2. Of course I’ve asked the doctor about sports, his answer was “you can play only after you warm up very thoroughly”. But probably he never played volleyball, which involves high jumping and landing on toes, exactly what stresses the AT, sudden tension is what ruptured it, and it was my own muscular power that did it, now think if you land from one meter on your toes how does this translate to the sutured place. The exact spot of the suture is hardened and not elastic. The next rupture may appear above or below that, where the tendon stretches even more than before. So to answer your question, it is my choice not to play, but I will start playing, the only thing is to be moderate. Because I always played hard, I was all around the field (tennis, volley, football), stressing every muscle (and tendon). Remember that sudden tension is the worst, so take care how you play sports involving jumping.

    Anyway, I’m going out this weekend to buy some good sport shoes (with good support on the heel - little raised) and I’m going to start running outside (not only on the treadmill) and I will post impressions here.

  3. I bent down to get something yesterday and thought, hmm, I wonder if i’ll ever be able to squat down. Can you? Can anyone yet or at all? The little things you don’t think about….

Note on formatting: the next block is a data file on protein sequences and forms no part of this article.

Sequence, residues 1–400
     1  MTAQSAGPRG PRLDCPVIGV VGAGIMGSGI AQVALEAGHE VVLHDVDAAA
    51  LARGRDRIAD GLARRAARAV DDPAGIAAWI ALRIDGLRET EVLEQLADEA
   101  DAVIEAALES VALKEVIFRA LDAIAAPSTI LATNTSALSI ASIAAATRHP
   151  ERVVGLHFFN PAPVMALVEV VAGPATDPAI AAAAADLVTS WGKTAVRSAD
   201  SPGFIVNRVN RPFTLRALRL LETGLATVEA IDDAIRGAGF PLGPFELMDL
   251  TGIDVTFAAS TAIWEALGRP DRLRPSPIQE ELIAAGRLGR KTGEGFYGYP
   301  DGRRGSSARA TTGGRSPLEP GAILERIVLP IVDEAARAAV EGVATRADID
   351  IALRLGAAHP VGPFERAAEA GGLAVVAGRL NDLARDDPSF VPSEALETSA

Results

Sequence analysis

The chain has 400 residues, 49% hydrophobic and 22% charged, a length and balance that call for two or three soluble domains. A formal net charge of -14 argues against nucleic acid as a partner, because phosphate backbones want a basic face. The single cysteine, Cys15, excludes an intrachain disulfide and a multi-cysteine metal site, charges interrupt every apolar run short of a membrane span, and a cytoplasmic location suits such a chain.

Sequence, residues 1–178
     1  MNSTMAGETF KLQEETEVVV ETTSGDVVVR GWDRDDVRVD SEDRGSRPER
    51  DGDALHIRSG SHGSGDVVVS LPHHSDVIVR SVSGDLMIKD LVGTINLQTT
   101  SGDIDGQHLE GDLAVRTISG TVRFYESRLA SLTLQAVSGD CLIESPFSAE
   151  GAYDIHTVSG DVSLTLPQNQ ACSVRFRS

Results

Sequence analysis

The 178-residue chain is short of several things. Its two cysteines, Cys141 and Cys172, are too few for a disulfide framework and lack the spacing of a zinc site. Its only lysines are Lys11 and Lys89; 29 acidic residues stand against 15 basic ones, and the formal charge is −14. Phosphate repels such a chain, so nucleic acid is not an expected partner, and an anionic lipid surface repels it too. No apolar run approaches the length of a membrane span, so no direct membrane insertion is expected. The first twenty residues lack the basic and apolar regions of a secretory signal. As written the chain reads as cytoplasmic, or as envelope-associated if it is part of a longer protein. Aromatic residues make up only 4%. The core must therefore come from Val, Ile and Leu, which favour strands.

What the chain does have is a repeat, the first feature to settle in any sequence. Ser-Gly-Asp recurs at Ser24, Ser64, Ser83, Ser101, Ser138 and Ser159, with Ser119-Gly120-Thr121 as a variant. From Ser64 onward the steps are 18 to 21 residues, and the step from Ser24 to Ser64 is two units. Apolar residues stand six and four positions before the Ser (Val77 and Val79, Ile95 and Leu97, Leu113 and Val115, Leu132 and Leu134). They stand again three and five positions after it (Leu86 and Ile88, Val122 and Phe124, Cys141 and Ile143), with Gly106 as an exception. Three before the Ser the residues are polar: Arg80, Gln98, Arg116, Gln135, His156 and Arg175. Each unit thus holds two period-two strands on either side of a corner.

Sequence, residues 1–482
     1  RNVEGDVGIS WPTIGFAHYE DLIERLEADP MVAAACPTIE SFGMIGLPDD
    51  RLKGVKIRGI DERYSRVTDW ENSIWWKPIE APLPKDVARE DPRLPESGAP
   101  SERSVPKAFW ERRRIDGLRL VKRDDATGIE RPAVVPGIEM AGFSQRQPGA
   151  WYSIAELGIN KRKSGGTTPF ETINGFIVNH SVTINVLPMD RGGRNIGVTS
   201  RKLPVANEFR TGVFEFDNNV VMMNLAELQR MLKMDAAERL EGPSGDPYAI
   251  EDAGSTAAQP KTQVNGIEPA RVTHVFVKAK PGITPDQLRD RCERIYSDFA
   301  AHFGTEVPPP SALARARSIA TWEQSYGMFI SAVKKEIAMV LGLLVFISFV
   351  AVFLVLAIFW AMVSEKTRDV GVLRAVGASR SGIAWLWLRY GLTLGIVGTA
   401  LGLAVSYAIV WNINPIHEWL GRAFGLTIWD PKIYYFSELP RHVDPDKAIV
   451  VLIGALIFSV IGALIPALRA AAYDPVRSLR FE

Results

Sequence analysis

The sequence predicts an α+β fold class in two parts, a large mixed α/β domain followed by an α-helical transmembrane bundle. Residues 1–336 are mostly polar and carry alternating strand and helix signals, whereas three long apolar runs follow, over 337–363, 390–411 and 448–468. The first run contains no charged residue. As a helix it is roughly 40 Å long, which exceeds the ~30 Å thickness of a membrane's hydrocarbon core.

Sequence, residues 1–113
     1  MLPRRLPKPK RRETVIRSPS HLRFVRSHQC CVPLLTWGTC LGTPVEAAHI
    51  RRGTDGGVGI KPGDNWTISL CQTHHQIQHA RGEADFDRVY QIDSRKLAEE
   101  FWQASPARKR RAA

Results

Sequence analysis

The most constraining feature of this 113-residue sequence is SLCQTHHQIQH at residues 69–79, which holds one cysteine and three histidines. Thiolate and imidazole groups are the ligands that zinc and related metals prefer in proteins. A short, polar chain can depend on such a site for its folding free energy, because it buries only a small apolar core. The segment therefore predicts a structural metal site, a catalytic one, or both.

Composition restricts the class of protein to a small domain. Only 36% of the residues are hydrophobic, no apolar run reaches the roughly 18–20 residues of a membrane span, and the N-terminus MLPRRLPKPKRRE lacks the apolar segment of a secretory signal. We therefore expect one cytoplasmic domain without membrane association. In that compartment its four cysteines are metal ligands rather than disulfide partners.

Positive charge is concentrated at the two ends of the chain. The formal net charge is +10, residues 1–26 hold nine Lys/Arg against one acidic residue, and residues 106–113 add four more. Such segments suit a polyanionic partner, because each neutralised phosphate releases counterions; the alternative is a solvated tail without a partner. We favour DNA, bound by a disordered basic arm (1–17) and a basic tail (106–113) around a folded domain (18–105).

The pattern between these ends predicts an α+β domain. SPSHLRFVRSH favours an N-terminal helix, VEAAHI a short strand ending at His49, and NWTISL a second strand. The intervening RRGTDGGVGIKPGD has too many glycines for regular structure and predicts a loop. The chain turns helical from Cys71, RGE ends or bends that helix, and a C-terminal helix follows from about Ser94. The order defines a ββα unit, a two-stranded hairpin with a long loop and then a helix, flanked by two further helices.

4. I’m slowly getting to the point where I can squat. It’s a motion I just haven’t done much in 4+ months. There is some tightness in the ankle and butt is a bit small.

  5. Squat. That was the word I didn’t remember. Yes, you will be soon (4-5 months) able to squat down-that will be simple. More complicated is to squat in order to tie your shoe of the other leg, that motion is not recommended until a year rehab. But I refer also to the motion before fully squatting down, going down bending knees, with the heels on the ground. That is the motion where I can feel the sutured tendon keeping resistance.

    Remember to go to the pool and try any movement in the water, I walked a lot in my toes in the pool, and swimming slowly is excellent, gives you movement in the tendon without stress. Attention!! when entering the pool: do not use the ladder but just go both legs and hands to splash in slowly. Using the ladder going in or out the pool is not recommended during the first 4-5 months. If you tried you know what I’m talking about. Is on of the most stressing motion to the AT.